Publishers Must Stop Weaponizing the Review Embargo

By   /   Dec 24, 2014

Every year, we see more than a couple of AAA games make their way to our beloved gaming machines. Be it PC, PlayStation or Xbox, we get our share of big budget titles. Since most of us don’t throw our money at every game that comes out, we turn to reviews to know which title is worth our time and hard earned money.

Same is the case with movies but compared to video games, movies are reviewed by a plethora of critics and also, movies don’t cost $60. So, that makes pre-release game reviews even more important for gamers.

As writers and reviewers, it’s our job to let you in on the facts about the product you are planning to purchase. However, over the years reviewers have been reporting the facts with one hand tied behind their back.

Publishers impose embargo and stop writers to let the people know about the game before a certain time period. There are many reasons behind this and most of them seem justified. For example, in the case of Bungie’s sci-fi shooter Destiny, Bungie stated that the game focuses heavily on its online features and gameplay and servers of Destiny won’t be active until a day before the game came out. So, reviewers won’t be able to judge the game properly without its online element.

Seems reasonable right? Well, to quote Kaz Miller, “they played us like a damn fiddle.”

I say that because creating an online environment for reviewers is not an impossible task. Developers test their games on in-house online environments all the time. Secondly, other titles have done the same thing before.

That leaves the singleplayer campaign, which I think we all know isn’t something which most of us played twice. So what was the point of enforcing an embargo and risking a controversy? To know the answer to that, read some of the reviews of the game.

Destiny broke sales records but did the game lived up to all the hype that was created? I don’t think so.

Just recently, I spoke to a colleague of mine about publishers weaponizing the embargo and he argued that there is no such thing.

At that time, I was sort of skeptical myself so the argument went in his favor. But, then came Assassin’s Creed Unity and I was happy to be the one telling him that “I told you so.”

Unity’s release was nothing short of a disaster, not in terms of sales (thanks to a review embargo) but in terms of performance. The game suffered from severe frame-rate issues, character faces disappearing and what not.

This time the embargo was enforced by Ubisoft but the reason was pretty similar to the one given by Bungie, online multiplayer!

“The nature of games themselves and the way they are being reviewed is changing, as evidenced by games like Assassin’s Creed Unity, Destiny and The Crew – games that have significant online components,” said Ubisoft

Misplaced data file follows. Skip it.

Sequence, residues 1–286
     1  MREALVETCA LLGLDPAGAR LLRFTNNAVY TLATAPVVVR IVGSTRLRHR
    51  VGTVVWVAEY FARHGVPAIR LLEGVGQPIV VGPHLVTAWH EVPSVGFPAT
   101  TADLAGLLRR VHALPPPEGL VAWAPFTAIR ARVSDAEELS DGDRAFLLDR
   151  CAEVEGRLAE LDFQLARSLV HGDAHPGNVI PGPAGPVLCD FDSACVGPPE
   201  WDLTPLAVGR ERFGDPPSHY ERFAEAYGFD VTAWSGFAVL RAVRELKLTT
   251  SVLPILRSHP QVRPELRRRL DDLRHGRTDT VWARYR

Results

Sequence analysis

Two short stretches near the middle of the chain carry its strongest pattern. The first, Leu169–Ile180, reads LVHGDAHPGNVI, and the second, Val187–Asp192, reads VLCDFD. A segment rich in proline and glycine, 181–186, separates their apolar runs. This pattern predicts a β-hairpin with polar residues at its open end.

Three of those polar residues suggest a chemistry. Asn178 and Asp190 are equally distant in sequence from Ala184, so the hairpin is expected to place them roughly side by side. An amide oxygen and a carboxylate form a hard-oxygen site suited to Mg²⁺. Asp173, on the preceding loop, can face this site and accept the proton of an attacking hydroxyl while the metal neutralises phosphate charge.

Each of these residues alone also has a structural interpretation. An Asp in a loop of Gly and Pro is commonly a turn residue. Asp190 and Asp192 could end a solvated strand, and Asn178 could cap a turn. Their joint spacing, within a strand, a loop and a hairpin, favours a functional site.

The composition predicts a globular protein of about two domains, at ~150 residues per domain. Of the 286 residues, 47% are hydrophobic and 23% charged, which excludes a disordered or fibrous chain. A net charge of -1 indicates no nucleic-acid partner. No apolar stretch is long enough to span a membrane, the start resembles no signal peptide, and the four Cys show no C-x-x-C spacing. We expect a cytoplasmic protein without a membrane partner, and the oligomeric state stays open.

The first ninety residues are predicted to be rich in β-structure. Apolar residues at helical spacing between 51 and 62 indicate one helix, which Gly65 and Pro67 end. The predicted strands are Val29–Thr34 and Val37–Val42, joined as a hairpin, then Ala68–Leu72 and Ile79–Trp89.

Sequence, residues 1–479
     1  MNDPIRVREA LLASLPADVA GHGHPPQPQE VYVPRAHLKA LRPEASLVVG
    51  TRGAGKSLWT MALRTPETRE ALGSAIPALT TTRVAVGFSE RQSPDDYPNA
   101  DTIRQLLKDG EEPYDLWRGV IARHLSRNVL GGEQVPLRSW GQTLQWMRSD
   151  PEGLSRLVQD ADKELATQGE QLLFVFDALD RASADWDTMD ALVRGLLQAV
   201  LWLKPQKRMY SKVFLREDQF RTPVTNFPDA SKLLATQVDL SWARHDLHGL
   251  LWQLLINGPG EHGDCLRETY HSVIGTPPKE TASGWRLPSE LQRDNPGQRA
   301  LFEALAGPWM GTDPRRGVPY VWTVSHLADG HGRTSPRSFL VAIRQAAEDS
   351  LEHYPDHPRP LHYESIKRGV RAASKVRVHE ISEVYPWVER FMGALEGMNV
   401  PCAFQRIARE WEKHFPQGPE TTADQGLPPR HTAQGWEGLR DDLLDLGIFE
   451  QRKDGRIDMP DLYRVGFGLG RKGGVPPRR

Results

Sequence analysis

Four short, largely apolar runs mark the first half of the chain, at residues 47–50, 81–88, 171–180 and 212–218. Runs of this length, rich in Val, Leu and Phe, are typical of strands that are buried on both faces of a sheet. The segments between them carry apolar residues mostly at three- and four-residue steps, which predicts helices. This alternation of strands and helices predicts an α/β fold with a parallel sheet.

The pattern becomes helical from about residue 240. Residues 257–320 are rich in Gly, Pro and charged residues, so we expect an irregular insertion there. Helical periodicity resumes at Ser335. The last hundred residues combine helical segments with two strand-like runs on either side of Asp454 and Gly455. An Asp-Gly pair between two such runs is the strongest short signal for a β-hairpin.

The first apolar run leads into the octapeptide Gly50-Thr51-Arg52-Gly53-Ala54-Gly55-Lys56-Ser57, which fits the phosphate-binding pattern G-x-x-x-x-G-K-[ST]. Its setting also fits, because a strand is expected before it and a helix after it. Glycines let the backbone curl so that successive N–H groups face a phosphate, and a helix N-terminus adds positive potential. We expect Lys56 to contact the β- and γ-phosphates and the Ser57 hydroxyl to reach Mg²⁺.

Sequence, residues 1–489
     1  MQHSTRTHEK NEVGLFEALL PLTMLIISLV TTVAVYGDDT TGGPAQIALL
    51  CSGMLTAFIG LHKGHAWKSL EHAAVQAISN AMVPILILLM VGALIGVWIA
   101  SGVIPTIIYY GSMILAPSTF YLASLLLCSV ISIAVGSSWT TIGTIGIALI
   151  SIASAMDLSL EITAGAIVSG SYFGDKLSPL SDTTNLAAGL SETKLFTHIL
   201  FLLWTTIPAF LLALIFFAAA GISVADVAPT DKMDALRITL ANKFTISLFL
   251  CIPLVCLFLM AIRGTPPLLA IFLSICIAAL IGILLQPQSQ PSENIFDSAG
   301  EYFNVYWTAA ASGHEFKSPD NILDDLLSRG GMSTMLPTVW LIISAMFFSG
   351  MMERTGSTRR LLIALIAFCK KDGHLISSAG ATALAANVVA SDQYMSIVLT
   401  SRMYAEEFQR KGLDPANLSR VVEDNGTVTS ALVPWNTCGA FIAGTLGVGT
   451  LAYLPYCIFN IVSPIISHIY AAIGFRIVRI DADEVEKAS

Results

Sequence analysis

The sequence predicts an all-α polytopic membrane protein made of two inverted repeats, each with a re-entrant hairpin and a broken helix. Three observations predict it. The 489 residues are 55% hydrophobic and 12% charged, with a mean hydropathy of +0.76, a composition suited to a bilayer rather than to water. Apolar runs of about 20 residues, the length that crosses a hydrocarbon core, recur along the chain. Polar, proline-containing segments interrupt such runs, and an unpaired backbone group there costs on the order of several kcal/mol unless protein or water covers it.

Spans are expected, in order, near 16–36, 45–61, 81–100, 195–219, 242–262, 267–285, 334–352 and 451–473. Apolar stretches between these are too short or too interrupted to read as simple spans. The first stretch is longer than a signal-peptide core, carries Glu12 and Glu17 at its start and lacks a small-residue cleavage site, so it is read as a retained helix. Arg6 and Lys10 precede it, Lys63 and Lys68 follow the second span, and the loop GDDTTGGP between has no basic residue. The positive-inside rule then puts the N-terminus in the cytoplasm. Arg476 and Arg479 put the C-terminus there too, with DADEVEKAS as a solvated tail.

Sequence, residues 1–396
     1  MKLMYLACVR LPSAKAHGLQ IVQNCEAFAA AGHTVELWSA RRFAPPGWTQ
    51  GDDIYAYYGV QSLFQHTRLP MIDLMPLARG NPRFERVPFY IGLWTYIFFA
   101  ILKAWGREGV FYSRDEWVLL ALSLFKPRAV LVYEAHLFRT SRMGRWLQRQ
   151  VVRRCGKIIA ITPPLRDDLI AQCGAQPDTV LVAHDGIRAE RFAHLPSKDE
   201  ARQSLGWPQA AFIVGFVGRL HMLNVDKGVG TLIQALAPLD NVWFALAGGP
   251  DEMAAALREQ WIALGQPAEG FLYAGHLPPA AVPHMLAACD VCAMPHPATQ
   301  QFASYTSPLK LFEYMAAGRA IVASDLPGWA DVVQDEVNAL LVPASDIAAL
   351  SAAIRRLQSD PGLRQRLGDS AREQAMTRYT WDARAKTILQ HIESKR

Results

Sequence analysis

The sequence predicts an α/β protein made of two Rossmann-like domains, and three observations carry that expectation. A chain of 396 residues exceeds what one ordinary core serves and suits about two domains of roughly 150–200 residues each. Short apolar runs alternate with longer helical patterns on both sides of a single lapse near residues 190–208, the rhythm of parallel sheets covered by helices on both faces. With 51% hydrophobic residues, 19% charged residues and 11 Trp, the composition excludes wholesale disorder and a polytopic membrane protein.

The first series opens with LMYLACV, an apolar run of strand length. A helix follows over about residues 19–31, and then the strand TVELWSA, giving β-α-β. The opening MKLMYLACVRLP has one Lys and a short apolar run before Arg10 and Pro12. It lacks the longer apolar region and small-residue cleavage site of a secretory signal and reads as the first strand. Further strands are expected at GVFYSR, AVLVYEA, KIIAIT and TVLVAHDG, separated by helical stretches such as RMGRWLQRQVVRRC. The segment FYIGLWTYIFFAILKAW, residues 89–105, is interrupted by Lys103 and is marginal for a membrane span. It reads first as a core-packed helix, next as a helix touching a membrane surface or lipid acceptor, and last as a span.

We all know what happened to Unity After this statement. To this day, the game has issues and patches are rolling out.

There is no way that developers who are creating a game and spending millions on it, don’t know the issues it has before launch. They could have delayed Unity but instead, they decided to enforce a review embargo, according to which, no reviews will be available until the game comes out.

Thanks to the embargo, players had no way of knowing what is coming there way and Ubisoft benefited from the first rush of sales.

This is an highly unethical business practice. Surely, companies gain short term benefit from this but in the long run, it damages consumer trust. I can’t speak for anyone else but when it comes to me, I no longer purchase a game until the reviews are available. No matter how good the pre-order incentive is, I don’t purchase. So who’s on the losing end here? Not me!

The reason I am writing this, is to try to deliver a message to companies that want to benefit from the first rush of sales and completely ignore the fact that their game is just not ready. It is not right to release a broken game and then come and apologize while trying to make things right with free content.

Fans have the right to know what they are buying and everyone out their should see that companies have started weaponizing the review embargo. And as gamers, we could also play our part by choosing not to buy a game until the reviews come out as publishers will keep on doing this only if we keep on pre-ordering games without knowing about the actual product.

I am not saying that every company is doing this or it is being done with every release. The Crew had an embargo as well but it was a pretty nice game and scores were decent as well. But again, with passing time, we are seeing this happen more often just like Microtransactions and DLC concepts. Eventually, everyone might start doing it and we don’t want that, right?

Well, that’s what I believe atleast, and I will be happy to know your point of view on the matter. The comments section is waiting.

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